In this final episode of the trilogy, LinkedIn's Read Hoffman and Joi Ito, director of the Media Lab at MIT, concluded their discussion before the Churchill Club in San Jose, Calif., and made profound points on the disruptive effect bitcoin can have on the financial services industry as well as changes looming for the traditional model of university education:
Hoffman eventually came to the question everyone was waiting for: what is the Lab doing with bitcoin, and how have accountants become sexy?
Ito explained that students formed a Bitcoin Club and raised $500,000 from philanthropists to pursue what Ito calls the "hacking" of ledger-based bookkeeping, to replace a bearer-based cash system into a ledger system, which he sees as the essence of Bitcoin.
A friend of Ito named Jay Dwivedi, CIO of Shinsei Bank, has devised a way to eliminate 90 percent of the cost of banking in 18 months by completely redesigning the systems. Ito stressed that the only reason this could be done is that the designer is an accounting genius and a computer science genius. Dwivedi had flunked an accounting course, but then he realized how important it is and became obsessed by it. (Writer's note: Bankers, banking regulators and financial lobbies abhor accounting and have waged a campaign against it for years.)
Ito blames a lack of appreciation of accounting for keeping the banking industry "so behind." He predicted that bitcoin would touch off a wave of renewed attention that would divert more brainpower to the neglected area of accounting. Ito himself is on the audit committee of The New York Times, and he said the experience has made him more aware of "how unviewable our financial system is."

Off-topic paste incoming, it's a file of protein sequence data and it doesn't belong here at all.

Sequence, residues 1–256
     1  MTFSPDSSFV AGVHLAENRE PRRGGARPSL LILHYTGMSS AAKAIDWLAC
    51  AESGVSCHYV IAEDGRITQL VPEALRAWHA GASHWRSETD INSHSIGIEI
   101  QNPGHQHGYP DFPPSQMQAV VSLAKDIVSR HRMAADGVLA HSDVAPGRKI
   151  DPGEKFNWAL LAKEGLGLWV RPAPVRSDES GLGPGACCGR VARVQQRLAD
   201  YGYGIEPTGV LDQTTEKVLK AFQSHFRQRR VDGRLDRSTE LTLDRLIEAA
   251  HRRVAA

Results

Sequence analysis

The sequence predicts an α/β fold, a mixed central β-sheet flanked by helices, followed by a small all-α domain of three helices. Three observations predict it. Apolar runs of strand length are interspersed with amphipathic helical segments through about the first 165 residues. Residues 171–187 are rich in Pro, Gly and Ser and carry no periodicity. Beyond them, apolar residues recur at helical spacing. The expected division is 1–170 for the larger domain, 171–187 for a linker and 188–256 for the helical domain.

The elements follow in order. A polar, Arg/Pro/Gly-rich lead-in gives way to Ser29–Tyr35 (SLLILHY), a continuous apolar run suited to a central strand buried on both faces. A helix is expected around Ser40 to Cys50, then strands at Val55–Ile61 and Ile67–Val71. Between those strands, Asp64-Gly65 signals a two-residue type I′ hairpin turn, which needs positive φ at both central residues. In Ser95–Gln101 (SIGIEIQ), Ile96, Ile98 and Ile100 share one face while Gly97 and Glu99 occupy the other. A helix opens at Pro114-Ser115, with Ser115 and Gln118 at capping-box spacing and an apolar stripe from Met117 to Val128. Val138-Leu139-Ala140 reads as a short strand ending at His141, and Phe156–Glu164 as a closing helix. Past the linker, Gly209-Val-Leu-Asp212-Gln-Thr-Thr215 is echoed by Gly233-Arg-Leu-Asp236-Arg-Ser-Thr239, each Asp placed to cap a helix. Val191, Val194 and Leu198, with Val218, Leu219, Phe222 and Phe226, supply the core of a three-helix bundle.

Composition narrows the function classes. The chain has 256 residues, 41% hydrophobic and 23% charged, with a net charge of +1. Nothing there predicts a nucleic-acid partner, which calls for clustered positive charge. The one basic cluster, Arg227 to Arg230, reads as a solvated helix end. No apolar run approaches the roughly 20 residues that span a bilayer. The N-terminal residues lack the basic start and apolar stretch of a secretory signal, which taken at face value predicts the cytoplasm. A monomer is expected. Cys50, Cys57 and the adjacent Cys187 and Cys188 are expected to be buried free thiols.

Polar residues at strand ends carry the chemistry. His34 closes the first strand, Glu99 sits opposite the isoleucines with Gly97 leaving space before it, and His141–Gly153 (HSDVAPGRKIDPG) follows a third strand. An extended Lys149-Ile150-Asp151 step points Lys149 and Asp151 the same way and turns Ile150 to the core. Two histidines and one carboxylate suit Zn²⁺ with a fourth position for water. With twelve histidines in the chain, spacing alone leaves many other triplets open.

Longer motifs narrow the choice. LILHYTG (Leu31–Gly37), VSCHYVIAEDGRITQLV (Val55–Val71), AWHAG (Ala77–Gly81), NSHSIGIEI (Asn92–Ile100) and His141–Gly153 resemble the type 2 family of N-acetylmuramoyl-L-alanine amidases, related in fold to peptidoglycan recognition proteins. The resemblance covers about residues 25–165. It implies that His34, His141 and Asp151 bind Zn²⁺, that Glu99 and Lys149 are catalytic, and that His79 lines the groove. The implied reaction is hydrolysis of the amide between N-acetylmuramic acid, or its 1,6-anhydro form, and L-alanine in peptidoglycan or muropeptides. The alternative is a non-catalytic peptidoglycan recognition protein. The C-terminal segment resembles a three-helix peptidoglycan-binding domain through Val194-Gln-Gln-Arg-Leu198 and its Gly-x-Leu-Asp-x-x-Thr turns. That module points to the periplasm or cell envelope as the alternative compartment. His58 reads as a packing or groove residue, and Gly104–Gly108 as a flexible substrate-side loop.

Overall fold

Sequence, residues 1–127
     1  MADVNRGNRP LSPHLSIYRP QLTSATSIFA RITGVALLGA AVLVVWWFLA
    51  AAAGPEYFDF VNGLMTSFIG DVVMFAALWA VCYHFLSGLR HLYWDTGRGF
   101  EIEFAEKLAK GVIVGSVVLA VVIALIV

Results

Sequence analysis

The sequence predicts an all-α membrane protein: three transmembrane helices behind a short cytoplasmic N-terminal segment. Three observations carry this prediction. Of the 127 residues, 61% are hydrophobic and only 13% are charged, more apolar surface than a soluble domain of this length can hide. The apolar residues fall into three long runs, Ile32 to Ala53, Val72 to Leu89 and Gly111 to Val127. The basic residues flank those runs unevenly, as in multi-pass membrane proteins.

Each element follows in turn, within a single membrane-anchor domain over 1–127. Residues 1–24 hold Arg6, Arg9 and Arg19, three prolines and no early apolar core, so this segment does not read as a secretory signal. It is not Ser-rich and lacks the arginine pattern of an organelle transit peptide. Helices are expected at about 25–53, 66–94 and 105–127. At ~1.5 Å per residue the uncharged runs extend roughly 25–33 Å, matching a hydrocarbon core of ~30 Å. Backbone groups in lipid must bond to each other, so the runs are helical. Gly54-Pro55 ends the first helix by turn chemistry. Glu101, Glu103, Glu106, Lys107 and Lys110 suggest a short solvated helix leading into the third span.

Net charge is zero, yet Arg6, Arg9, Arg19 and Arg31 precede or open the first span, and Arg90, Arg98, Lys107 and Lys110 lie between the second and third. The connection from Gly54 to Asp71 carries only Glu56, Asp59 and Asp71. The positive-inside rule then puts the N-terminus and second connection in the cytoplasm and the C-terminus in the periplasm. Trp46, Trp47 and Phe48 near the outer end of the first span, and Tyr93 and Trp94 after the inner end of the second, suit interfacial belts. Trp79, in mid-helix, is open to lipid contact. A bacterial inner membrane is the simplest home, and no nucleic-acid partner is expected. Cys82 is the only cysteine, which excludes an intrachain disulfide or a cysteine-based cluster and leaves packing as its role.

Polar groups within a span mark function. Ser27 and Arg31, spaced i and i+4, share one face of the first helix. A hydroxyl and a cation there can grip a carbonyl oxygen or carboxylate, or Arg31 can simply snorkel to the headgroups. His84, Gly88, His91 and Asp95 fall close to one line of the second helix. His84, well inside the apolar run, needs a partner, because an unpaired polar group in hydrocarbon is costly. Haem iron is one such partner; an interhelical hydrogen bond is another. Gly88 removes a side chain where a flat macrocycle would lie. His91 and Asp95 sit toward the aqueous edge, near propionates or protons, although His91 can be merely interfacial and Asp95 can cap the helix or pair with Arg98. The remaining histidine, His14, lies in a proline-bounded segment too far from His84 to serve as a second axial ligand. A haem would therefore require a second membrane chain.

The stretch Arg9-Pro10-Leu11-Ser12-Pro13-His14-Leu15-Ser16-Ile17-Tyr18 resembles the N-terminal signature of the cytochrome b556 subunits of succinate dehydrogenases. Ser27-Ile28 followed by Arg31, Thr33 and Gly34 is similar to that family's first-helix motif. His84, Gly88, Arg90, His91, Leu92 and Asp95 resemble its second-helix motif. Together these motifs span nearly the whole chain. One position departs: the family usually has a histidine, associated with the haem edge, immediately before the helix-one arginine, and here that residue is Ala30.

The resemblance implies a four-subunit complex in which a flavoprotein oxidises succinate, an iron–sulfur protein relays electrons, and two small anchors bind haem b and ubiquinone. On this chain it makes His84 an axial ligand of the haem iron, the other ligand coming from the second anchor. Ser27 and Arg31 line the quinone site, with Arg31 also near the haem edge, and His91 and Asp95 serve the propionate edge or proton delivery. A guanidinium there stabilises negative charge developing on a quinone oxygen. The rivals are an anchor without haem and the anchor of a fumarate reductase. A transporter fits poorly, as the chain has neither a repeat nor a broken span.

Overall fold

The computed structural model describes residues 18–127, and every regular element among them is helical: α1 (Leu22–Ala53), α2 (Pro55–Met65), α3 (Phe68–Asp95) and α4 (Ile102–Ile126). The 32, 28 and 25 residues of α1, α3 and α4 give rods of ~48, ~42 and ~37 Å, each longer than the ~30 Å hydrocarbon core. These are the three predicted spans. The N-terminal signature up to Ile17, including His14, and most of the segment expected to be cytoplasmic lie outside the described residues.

Hoffman foresees a network of distributed systems that will grow out of these studies.
Finally, Hoffman addressed the implications of the reduction of computing cost for the universities themselves as they are subjected to Schumpeterian disruption.
Ito's analysis is that the educational system is "not preparing people to be fully functional." He blamed this on companies that are hiring based on the credentials of individuals, conferred on the basis of standardized tests, with little weight given to collaboration, whereas success depends on the ability to aggregate knowledge in a way that adds value based on "the ability to produce, the ability to think, the ability to ask questions."
He contended that the robotic memorization that occurs in universities is of less importance now that the basic documents are close at hand through mobile devices that enable people "to move away from packing knowledge into your brain into being creative."
Hoffman faulted universities by asking, are massive open online courses (MOOCs) sufficient, a question he dismissed with, "Of course they're not sufficient." Hoffman called for innovation that can "change the path of outcomes, both in cost and results."
Ito sees MOOCs as a more efficient way of delivering knowledge, but he argued that the accessibility of knowledge enables more time to be spent applying it, as in designing open-source software, and engaging in group teaching and learning. He also criticized the emphasis by students on getting the degree so that they can get out of school.
(Archived video can be found here
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